Grannymar, I shall be most comfortable in this wonderful land. There are so many similarities between our land and yours that we must have been separated by a freak of nature! I am looking forward to my visit so that I can share my views on all the similarities.

    Reply
  2. nick

    That’s a hoot! No wonder our visitors look more and more confused as we explain the intricacies of life in NI! And you haven’t even mentioned all our bizarre political parties and their incomprehensible squabbling!

    Reply
  3. Grannymar Post author

    Ramana – I am sure you will fit right in here in Ireland.

    Nick – Local politics needs a post all to itself and I bow to you on that one!

    Brighid – No sweat… We Irish are just as confused!

    Reply
  4. Grannymar Post author

    Geri – The guy in the photo was raising money through sponsorship for charity by ‘extreme ironing’ through England, Wales, Scotland and Ireland over a short few days. He climbed mountains and we met him at the giant’s causeway. Elly offered a donation in exchange for the photo.

    Reply
  5. Grannymar Post author

    Steph – A different Paddy this time. Thanks for the link on the viaduct.

    WWW – Too right, it is impossible to explain. Only today I was asked about the Northern Ireland end of the recent Westminster General Election. The enquired asked “Who do you normally vote for? Labour, Tory or Libs?” He couldn’t get over the fact that we don;t get to vote for any of them. Our votes go to local politicians who at the end of the day have no real power in Westminster.

    I enjoyed and agreed with the PS!

    Reply
  6. bikehikebabe

    Thanks for the political lesson. Now I’m really confused. Before I only knew that the North & South (Did I get that right or is it the north & south?) didn’t get along. It was so much simpler that way.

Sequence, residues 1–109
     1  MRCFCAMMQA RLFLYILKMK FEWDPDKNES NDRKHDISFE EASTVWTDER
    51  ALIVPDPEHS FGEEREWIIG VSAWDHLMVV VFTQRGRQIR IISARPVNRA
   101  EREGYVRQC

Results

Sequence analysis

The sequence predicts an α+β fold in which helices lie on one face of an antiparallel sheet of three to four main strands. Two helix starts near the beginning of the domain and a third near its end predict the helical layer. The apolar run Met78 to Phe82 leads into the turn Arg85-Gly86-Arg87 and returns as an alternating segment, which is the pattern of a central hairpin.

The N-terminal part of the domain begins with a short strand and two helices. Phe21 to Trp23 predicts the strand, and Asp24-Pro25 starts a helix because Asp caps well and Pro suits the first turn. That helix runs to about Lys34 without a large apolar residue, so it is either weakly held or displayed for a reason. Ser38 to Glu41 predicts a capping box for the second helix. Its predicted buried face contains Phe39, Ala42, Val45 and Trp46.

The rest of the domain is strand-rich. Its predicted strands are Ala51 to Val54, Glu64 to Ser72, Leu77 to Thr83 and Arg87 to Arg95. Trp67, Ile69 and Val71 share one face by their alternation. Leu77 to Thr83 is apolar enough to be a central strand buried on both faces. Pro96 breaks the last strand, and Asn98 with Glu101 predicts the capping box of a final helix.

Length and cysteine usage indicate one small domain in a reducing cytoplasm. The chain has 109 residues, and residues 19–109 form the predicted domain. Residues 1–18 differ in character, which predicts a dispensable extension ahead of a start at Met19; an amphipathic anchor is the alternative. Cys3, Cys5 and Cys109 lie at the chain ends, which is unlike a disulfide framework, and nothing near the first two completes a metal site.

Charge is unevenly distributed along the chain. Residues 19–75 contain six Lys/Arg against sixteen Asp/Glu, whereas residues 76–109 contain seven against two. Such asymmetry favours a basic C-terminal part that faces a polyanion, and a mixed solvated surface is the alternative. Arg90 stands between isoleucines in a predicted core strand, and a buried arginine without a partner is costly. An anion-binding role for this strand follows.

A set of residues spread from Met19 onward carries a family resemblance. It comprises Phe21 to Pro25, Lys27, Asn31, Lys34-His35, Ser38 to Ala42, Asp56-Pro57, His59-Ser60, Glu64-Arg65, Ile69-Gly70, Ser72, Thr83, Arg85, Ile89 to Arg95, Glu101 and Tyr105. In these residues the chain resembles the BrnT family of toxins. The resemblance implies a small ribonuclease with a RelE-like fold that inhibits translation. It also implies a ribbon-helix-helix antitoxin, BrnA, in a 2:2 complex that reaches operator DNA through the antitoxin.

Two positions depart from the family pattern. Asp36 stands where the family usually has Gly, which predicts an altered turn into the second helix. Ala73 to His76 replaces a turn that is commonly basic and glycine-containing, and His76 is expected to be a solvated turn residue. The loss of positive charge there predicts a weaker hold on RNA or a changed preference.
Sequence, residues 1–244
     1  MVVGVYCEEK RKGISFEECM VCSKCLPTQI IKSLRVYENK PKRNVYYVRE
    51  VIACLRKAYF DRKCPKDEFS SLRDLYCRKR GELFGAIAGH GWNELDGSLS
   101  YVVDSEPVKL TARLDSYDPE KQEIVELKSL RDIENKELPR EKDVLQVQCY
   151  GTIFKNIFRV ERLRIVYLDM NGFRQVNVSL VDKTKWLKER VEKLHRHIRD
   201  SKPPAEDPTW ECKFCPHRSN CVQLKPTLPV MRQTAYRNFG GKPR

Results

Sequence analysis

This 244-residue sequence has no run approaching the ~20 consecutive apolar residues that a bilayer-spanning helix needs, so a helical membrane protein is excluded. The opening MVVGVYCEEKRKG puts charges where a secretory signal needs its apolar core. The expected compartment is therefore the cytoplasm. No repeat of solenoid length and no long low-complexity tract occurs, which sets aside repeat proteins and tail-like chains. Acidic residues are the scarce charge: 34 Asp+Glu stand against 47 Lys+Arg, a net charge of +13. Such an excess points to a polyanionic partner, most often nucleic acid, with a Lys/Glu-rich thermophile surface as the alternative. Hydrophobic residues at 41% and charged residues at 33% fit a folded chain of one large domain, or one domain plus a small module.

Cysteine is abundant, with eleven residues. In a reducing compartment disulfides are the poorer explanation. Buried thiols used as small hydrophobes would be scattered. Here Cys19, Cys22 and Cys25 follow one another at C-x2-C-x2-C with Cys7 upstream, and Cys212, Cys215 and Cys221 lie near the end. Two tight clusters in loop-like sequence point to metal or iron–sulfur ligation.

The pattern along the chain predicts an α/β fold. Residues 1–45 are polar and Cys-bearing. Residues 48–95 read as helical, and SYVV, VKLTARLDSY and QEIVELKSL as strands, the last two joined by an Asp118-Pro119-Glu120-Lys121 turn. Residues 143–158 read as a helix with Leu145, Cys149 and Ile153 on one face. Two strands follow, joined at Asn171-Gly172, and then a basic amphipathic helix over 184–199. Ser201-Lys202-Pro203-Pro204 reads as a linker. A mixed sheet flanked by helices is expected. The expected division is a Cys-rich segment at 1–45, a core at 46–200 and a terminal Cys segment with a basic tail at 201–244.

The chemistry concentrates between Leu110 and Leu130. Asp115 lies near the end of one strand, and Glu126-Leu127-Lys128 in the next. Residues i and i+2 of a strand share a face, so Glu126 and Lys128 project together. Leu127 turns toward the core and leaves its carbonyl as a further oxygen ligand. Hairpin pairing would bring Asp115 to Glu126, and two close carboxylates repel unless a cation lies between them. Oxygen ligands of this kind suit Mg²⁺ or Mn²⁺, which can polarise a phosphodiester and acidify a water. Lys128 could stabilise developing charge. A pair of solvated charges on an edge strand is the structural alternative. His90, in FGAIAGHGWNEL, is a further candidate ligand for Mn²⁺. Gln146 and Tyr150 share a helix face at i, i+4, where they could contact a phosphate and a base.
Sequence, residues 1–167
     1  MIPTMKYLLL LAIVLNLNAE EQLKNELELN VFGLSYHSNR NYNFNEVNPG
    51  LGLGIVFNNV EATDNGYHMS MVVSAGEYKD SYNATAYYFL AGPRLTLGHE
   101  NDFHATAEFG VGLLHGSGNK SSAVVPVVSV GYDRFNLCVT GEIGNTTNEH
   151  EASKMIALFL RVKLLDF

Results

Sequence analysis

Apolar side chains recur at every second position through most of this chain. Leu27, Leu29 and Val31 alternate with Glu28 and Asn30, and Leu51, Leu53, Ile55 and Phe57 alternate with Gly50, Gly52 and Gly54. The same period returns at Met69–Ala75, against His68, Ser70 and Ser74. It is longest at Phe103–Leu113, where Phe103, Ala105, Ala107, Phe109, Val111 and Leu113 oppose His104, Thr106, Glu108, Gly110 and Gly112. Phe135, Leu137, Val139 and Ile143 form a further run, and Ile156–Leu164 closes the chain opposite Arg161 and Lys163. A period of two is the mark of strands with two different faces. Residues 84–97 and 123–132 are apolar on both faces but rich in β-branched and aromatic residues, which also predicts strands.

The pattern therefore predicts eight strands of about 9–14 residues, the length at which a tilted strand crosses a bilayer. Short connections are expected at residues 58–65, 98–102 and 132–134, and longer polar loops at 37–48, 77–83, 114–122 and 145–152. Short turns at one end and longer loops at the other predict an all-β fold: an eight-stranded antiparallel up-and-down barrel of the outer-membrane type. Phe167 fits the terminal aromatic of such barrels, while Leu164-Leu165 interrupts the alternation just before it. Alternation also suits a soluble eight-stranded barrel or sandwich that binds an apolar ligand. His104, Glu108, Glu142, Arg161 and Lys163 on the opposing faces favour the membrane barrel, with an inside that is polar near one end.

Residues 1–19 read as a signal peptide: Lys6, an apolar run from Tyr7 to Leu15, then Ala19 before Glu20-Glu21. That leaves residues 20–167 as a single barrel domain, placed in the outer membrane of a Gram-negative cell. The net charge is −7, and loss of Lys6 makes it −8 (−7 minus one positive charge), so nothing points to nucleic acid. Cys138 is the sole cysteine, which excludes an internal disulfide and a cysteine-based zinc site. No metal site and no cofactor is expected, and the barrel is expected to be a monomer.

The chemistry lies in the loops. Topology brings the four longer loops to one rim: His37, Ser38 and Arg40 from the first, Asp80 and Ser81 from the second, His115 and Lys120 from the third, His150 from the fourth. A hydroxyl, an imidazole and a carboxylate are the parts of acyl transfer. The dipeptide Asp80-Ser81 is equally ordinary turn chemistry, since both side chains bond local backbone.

Reply
  7. Baino

    I used Hostelworld all the time but how come you posted 10 things to do in Dublin when you live in Belfast? And I’d be VERY interested to see how Ireland and India have anything in common! Haha!

    Reply
  8. Rhyleysgranny

    Brilliant. I am going to copy that and memorise it. I never seem to have an answer to the inevitable question about Ireland.. I have laughed so much at it. Elly and the ironing board topped it off.. 🙂

    Reply
  9. Grannymar Post author

    BHB – We Irish are still confused, so take heart! 😆

    Rhyleysgranny – Good to have you back online again. Glad you enjoyed the piece. That photo opportunity was one I could not miss! 😆

    Reply
  10. Grannymar Post author

    I realised I didn’t answer a question yesterday!

    Baino – The two photos were from Northern Ireland, so I chose the Southern link from Dublin.

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  11. Conrad

    Now, I’m properly confused and there is only one place that I know of where that causes no difficulty whatsoever … in a pub. So, when I get there and you need to explain things to me – which could be quite often, mind you – we will go to the pub and invite Elly to help iron things out.

    This post is hilarious!

    Reply
  12. Grannymar Post author

    Nancy, The Giant’s causeway is not the steadiest of places to balance and ironing board The view in this month’s Header was taken from the point where Elly was standing.

    Reply